Mosquitoes are a huge problem across the globe, causing millions of deaths annually. In New Zealand, mosquito bites are extremely irritating, as anyone who has been attacked during the hot and wet summer months can attest to.
Mosquitoes are from the same group as Diptera, otherwise known as the true flies. Like them, mosquitoes have only one pair of wings. They are equipped with long, thin legs with a distinct proboscis attached to their heads. Their wings and bodies are covered with tiny scales. Full grown mosquitoes vary in size from 3mm to 30mm (depending upon the species).
Where do mosquitoes live?
Mosquitoes are found in a variety of habitats. However, as they are acquatic animals who need oxygen from the air, you will most likely find them in stagnant bodies of water. This includes floodwater, ditches, woodland pools, and bodies of water found in backyards, like pools, ponds and bird baths.
When are mosquitoes active?
Mosquitoes are very prominent in topical and sub-tropical areas, and are most active during the warmer months.
Why are mosquitoes attracted to people?
There is no single factor which can entirely determine why mosquitoes bite some people rather than others. Japanese researchers have discovered that O blood types are more likely to be attacked by mosquitoes than A blood types. According to scientists, it is our genes that determine 85% of the factors which make us more attractive to mosquitoes. However, it’s true that mosquitoes gravitate towards certain types of people. Mosquitoes are attracted to people (some more than others) because of a combination of the following factors:
- Survival – female mosquitoes feed on the blood of humans because female mosquitoes require blood for nutrients needed to develop eggs. While males only exist for reproductive purposes, females have a proboscis, a long tube (their mouth), which is able to penetrate the human skin with the proboscis in order to suck blood. The blood provides nutrients for egg development.
- Carbon dioxide – female mosquitoes have long antennae, as well as palps, which sense odours. These are highly sensitive to the smell of carbon dioxide, which humans give off each time they breathe out. Mosquitoes can detect CO² from over 50 metres away, which they follow in search of prey. However, carbon dioxide exhalation isn’t the only factor which determines which person the mosquitoes choose to feed on.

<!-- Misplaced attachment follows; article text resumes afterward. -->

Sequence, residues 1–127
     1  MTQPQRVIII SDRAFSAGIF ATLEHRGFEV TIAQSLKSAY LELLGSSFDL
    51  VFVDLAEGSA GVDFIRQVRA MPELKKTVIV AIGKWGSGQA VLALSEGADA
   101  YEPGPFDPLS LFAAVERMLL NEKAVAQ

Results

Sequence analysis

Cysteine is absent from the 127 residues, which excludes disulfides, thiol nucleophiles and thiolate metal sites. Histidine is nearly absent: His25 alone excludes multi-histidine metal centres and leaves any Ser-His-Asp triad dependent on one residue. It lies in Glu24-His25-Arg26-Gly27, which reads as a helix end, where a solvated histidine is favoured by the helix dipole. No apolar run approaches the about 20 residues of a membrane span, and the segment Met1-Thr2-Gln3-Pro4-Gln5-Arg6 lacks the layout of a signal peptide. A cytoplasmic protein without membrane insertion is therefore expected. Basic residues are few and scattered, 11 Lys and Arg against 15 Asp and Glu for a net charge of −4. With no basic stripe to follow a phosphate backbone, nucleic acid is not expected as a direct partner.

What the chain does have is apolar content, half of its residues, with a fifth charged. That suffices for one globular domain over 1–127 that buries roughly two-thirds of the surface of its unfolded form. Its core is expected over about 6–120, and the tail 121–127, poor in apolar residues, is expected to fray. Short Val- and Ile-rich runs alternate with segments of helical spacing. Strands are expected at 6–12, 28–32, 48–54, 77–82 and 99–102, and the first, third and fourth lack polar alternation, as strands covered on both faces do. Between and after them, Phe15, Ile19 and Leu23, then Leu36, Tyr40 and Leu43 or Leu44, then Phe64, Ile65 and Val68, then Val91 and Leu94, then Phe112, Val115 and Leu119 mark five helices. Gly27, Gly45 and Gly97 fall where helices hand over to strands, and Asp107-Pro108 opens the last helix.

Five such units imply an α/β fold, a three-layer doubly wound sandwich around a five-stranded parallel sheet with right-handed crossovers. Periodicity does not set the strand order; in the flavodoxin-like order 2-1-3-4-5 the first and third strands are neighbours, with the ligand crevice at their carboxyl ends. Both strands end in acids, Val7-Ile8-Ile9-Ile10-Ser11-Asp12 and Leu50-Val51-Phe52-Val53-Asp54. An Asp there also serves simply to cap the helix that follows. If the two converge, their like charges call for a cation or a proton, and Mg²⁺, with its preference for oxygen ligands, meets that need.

- Human sweat – when we perspire, we release odours and kairomones which attract mosquitoes. Certain types of bacteria which reside on human skin also give off substances like lactic acid, uric acid and ammonia, which mosquitoes can detect. When your body temperature rises, you are more likely to perspire, which then increases your attraction to mosquitoes. Mozzie bites tend to be more frequent on the wrists, ankles, hands and feet, as these are the parts of the body which often remain uncovered.
Some people also appear more favoured by mosquitoes for other reasons beyond their control.
Do I need professional mosquito control?
Treating mosquitoes in New Zealand requires a multi-faceted approach. Flick Anticimex technicians must address the source of the problem (breeding sites), and identify and remove any stagnant water sources (which may be used as breeding grounds).
Mosquito control tips:
- Remove stagnant bodies of water – you may have noticed that mosquitoes seem to proliferate in certain areas. They favour areas around stagnant water, which provides a medium for egg laying and larval development. This is why it’s important to avoid stagnant water lying around in your garden or other areas of your property.
- Fly screens – install fitted fly screens in doors and windows around the home.
- Pools and ponds – for residents with a pool, please clean and maintain your swimming pool regularly to prevent mosquitoes from breeding on the water. For residents with a pond, clean regularly and consider purchasing mosquito-eating fish.
- Mow lawns regularly – tall grass can be used as a resting place, so ensure the grass in your front and back yards are kept trimmed short.
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